Further, while I have heard that here in China, being on your period is a legitimate reason to call out from work, I just never got comfortable enough with my administration (made up of women!) to say this.  So I have continued to suffer, curling up in my classroom and doubling up on Advil to beg my body to stop torturing me.  Unfortunately, after a dozen-plus years of using these wonderful NSAIDs (non-steroidal anti-inflammatory drugs), my beloved Ibuprofen has stopped working as well; it’s damn expensive here, and can, after all, cause ulcers; and exercise no longer helps. I come from a conservative background, the kind that now eschews birth control as causing abortions and wholly unnatural (even though our mother took it for years).  But that day on the train, I got pissed at the amount of pain I was in, and decided that something was going to change.  I’ve altered much of how I view the world, and while praising the Chinese for their birth control methods is NOT a savvy thing to do, I do know that most women here have an IUD and are religious about birth control since the choice to have a child out of wedlock is not okay.  Ever.  In the words of our English-speaking liaison, a retired Beijinger who wanted something to do in his downtime, “If you get pregnant here and you’re not married, you have an abortion.”  Well, okay, mister. Sitting there in excruciating (there!  I used the word!) pain for no other reason than being an hourglass-shaped woman with a body that just looooves to make babies, I resented the idea that for the near future, I would be suffering just because my sisters want to go the natural route and because, in the past, my partners have sniffed at the idea of their girlfriend or wife being on “unnatural” drugs.  Unnatural, my ass.  Are YOU the one suffering, past boyfriend/spouse?  No, you are not.  So screw you.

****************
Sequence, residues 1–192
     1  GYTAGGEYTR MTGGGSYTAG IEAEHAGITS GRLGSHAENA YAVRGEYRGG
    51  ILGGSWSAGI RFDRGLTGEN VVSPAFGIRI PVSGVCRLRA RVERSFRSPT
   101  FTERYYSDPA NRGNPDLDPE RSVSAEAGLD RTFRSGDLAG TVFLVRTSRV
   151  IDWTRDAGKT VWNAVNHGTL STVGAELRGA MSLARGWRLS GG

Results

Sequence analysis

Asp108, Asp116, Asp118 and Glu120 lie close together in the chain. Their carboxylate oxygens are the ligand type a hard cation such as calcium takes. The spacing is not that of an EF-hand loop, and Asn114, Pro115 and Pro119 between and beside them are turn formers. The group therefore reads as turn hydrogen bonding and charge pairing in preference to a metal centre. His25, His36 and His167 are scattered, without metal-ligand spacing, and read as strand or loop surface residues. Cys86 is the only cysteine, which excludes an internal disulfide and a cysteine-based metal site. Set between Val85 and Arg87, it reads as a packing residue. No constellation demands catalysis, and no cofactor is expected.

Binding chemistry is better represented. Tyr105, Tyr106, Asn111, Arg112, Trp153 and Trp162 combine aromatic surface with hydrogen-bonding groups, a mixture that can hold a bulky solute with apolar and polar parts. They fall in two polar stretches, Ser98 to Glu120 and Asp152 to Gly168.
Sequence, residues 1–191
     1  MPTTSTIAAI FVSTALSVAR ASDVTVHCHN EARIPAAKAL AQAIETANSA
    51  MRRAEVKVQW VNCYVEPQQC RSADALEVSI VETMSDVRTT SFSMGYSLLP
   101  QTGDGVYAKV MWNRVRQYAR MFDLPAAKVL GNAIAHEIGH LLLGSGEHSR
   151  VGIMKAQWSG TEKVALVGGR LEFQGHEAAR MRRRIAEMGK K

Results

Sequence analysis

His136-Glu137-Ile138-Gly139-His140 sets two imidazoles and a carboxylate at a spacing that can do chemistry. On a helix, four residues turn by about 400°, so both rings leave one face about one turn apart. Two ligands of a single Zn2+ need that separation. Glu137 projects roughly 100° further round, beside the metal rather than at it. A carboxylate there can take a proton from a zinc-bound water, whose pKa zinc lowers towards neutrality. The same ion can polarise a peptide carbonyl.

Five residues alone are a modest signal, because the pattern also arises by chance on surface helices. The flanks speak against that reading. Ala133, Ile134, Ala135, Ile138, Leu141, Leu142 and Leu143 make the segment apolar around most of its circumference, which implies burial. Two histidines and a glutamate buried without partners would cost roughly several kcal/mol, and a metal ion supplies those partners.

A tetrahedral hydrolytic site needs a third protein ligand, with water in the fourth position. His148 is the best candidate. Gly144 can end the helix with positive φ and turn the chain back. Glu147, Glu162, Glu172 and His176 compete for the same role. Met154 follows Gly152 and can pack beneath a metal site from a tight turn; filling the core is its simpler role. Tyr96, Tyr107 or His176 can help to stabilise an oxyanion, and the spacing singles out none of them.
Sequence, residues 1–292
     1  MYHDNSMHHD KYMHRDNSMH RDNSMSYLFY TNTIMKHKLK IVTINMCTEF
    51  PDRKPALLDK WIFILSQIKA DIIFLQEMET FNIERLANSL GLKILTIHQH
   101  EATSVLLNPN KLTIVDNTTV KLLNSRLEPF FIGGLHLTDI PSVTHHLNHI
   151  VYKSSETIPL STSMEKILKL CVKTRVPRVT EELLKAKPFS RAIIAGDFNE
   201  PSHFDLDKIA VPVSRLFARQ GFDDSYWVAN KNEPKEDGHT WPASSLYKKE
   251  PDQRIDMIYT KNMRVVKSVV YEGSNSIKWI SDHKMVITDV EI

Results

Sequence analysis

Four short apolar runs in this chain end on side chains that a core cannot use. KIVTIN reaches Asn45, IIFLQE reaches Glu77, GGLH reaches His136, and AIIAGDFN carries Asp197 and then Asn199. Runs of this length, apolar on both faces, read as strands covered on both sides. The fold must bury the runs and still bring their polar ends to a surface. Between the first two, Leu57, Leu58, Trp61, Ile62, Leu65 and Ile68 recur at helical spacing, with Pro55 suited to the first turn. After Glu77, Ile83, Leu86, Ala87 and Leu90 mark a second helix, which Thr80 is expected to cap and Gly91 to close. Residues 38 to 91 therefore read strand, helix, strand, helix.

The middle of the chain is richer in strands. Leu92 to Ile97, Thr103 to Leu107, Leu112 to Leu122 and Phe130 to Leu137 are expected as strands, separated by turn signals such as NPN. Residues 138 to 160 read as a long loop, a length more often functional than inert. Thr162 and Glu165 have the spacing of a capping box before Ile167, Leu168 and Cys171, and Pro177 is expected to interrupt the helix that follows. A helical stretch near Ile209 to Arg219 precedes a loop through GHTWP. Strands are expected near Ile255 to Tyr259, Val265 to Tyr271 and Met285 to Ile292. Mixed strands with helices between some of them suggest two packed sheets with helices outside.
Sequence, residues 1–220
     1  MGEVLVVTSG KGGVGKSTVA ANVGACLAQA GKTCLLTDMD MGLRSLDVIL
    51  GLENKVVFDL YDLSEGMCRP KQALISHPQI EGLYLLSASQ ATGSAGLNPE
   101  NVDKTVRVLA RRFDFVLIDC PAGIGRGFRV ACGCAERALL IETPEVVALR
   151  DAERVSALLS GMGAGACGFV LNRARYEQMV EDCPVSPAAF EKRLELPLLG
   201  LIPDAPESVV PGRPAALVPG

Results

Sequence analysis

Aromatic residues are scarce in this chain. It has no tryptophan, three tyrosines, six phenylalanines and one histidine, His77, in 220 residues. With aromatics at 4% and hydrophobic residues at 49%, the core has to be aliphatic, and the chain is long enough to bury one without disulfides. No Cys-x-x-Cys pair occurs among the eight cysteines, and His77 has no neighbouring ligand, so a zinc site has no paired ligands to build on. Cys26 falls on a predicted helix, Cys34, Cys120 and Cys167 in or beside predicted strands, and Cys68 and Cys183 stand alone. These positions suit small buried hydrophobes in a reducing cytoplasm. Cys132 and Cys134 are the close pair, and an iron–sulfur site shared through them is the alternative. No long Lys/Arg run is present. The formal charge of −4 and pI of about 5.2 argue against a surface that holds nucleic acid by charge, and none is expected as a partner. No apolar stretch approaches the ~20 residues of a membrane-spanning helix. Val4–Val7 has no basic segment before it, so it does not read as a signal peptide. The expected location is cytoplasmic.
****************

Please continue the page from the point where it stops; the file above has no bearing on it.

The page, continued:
I spent the next couple of days reading up on Chinese birth control.  I knew you could get a Z-pack over the counter, and figured in this anti-excessive-children-world, I’d find something available that way for birth control, too.  While long-term, I would like an IUD, I want to get the fancy new one for women who have never given birth, and I still haven’t garnered up the courage to talk to my English-speaking admin about birth control. I was lucky enough to find a years-old post (seriously, almost a decade) by a woman who dealt with this while I was still in college, and she gave me the names of a couple of options.  I scoured the Internet until I determined which ones were legal in most Western countries and could even help with severe periods/PMS.  Then came the hard part: going to the actual pharmacy. They don’t talk about sex in China.  Teens aren’t supposed to date; in fact, as some high-profile high schools, they won’t write letters of recommendation if two kids are caught in a romance.  Couples form in or after college, a technically smart move but difficult to fathom in America, where most of my students at my southwest high school had more sexual experience than I could fathom.